There was great excitement on the planet of Venus this week. For the first time, Venusian scientists managed to land a satellite on the planet Earth, and it has been sending back signals as well as photographs ever since.
The satellite was directed into an area known as Manhattan (named after the great Venusian astronomer1), Prof. Manhattan, who first discovered it with his telescope 20,000 light years ago).
Because of excellent weather conditions and extremely strong signals, Venusian scientists were able to get valuable information as to the feasibility2) of a manned flying saucer3) landing on Earth. A press conference4) was held at the Venus Institute of Technology.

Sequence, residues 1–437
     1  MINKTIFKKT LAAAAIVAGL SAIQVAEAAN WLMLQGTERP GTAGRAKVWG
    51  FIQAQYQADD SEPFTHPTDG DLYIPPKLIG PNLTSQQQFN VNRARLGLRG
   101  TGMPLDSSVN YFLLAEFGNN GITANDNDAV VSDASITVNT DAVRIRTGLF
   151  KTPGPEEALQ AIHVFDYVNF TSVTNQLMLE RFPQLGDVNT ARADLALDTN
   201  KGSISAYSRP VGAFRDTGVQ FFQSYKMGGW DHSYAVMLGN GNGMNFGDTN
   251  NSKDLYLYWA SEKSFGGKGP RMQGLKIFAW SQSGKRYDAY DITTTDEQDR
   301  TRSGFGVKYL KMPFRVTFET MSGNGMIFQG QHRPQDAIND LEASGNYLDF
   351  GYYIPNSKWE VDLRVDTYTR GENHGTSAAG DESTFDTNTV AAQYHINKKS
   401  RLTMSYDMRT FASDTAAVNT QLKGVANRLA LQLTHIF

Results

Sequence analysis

"We have come to the conclusion, based on last week's satellite landing," Prof. Zog said, "That there is no life on Earth."
"How do you know this?" the science reporter of the Venus Evening Star asked.
"For one thing, Earth's surface in the area of Manhattan is composed of5) solid concrete and nothing can grow there. For another, the atmosphere is filled with carbon monoxide6) and other deadly gases and nobody could possibly breathe this air and survive." ......